The coming revolution against the United States government was announced on the Internet via a manifesto by a self-described "proud and insolent youth," a college sophomore who sought to be our leader. This was to be the spark: At 1:27 a.m. on Nov. 19, 2002, Officer David Mobilio of the Red Bluff Police Department was working the graveyard shift when he pulled his cruiser into a gas station in his quiet little farm town. As he stood beside the car, the 31-year-old husband and father of a toddler was shot three times, twice in the back and once in the head, at very close range. Beside Mobilio's dead body, someone left a handmade flag with a picture of a snake's head and the words "Don't Tread on Us." ... Mickel explained that "prior to my action in Red Bluff, I formed a corporation under the name 'Proud and Insolent Youth Incorporated,' so that I could use the destructive immunity of corporations and turn it on something that actually should be destroyed." The name is a reference to the novel "Peter Pan." "Just before their final duel and Capt. Hook's demise, Hook said to Peter, 'Proud and Insolent Youth, prepare to meet thy doom,' " Mickel wrote.So what does all this bring to Booth's mind? Why right-wingers of course:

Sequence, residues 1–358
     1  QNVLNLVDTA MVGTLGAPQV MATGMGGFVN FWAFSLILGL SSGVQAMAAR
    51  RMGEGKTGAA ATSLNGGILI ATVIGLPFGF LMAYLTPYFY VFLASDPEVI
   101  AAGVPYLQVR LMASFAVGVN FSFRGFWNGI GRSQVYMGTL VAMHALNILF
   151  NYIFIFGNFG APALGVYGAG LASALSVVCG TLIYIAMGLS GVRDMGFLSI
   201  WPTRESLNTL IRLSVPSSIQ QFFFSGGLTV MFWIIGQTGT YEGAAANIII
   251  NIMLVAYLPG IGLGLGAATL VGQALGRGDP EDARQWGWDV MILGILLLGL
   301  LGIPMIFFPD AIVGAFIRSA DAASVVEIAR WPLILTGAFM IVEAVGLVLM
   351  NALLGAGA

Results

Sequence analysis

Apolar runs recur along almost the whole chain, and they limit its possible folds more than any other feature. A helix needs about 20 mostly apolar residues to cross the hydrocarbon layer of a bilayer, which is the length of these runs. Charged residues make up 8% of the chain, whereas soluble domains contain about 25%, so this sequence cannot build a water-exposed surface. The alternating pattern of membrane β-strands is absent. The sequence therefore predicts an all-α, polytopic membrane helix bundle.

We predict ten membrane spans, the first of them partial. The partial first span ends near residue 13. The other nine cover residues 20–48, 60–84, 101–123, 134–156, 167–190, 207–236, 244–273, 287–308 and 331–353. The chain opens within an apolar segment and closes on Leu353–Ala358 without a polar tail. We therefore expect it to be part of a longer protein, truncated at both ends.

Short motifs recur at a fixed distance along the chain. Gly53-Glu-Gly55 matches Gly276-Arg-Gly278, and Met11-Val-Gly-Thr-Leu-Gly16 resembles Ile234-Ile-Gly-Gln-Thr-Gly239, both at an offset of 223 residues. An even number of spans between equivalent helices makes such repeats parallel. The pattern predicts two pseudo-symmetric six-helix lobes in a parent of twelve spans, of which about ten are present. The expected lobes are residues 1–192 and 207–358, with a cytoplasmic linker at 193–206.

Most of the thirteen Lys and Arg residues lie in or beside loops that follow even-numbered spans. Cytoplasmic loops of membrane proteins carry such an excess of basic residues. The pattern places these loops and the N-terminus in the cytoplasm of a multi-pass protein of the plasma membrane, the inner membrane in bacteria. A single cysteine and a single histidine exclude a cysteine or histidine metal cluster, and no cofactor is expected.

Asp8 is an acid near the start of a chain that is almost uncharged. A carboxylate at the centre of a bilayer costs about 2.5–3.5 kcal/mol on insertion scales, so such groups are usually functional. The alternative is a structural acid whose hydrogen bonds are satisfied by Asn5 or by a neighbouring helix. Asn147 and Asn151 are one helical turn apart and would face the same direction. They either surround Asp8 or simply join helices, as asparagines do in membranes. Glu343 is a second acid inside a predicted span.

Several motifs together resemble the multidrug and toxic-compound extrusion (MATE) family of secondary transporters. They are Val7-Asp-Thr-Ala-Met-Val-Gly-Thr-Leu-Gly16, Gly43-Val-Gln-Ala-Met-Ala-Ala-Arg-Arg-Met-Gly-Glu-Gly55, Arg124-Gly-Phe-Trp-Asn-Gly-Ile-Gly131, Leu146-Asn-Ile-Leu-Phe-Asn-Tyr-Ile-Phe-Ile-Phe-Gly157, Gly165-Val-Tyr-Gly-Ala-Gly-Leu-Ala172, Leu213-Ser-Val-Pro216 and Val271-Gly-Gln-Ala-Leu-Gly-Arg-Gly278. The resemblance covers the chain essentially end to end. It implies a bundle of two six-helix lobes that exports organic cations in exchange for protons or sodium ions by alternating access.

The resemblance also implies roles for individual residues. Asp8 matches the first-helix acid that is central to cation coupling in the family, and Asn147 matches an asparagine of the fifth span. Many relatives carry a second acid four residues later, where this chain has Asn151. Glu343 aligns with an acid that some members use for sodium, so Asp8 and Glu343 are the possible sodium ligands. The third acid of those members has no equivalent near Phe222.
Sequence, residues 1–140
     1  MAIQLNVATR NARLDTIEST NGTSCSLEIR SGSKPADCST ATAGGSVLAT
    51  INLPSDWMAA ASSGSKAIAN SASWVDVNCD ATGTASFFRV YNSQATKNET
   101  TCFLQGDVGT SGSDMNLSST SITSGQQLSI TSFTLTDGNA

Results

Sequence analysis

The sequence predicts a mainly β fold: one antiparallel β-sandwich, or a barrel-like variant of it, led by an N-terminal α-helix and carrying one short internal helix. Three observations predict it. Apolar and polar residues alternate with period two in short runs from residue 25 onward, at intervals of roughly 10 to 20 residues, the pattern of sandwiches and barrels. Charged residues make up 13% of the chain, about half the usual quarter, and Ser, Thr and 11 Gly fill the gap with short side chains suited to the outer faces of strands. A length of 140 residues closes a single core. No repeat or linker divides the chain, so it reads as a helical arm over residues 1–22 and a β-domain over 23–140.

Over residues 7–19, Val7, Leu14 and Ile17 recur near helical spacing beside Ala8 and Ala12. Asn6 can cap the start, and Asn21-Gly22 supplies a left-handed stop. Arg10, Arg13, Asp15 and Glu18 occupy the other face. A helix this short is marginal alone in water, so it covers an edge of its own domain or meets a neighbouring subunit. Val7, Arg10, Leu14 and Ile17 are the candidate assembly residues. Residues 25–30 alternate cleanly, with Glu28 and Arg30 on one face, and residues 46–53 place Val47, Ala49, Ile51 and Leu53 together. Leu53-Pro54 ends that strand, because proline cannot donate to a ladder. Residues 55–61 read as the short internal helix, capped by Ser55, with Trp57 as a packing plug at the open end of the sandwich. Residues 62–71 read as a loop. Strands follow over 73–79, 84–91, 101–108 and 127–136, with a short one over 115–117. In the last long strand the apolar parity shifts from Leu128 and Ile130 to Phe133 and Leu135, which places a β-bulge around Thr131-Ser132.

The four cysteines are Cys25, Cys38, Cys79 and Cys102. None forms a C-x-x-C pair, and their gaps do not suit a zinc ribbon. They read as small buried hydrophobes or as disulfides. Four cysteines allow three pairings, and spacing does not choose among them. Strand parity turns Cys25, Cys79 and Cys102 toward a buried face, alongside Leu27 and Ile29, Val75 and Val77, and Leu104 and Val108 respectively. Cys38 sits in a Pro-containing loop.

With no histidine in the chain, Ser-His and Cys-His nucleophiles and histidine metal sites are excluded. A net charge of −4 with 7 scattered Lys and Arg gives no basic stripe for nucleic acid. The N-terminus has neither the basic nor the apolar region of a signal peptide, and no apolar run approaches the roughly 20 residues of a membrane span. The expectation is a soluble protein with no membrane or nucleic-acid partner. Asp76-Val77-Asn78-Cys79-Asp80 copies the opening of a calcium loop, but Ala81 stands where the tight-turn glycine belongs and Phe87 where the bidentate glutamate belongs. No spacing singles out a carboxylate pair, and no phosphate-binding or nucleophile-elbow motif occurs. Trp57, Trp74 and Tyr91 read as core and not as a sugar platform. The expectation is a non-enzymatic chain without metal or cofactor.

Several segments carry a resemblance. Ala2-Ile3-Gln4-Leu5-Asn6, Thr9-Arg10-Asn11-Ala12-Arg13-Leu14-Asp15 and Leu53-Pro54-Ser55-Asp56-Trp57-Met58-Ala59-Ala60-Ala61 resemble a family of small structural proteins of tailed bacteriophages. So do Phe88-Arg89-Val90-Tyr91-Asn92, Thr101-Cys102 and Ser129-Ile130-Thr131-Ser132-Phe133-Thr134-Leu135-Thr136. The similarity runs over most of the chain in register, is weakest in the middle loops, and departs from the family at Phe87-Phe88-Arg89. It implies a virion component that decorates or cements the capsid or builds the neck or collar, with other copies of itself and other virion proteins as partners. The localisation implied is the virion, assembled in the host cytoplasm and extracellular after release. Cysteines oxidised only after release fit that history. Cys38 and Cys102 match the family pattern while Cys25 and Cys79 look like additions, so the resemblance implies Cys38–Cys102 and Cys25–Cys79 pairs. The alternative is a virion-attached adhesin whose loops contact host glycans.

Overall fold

But seen another way, as the prosecutors do, Mickel -- with his stubborn stoicism, his cold calculation, his military training, his anti-government diatribes -- seems a cousin to McVeigh. Mickel sees himself as the vanguard of revolution. McVeigh thought the same thing. It is as if Mickel, in his thinking, had gone so far to the fringe left that he started to look a lot like the fringe right.Never mind that the story spends several paragraphs discussing Mickel's similarities to Ted Kaczynski, the left-wing Unabomber--though he is not labeled as such. Or that there are plenty of other plain-old, left-wing, terrorist extremists out there who blow things up and kill people. Unfair labeling is perhaps the most quantifiable type of anti-conservative media bias, and groups such as the Media Research Center have assembled quite a catalog of examples. But the Post takes this to a new low. In the Post's world even leftists can be accredited to the political right when they become inconvenient. The Post wants to draw parallels with McVeigh, so I have a question: When does the blame for Mickel's crime get apportioned to Ted Kennedy, Howard Dean, and other leaders of the angry left for their inflammatory rhetoric, as conservatives were so quickly tagged with guilt for McVeigh's?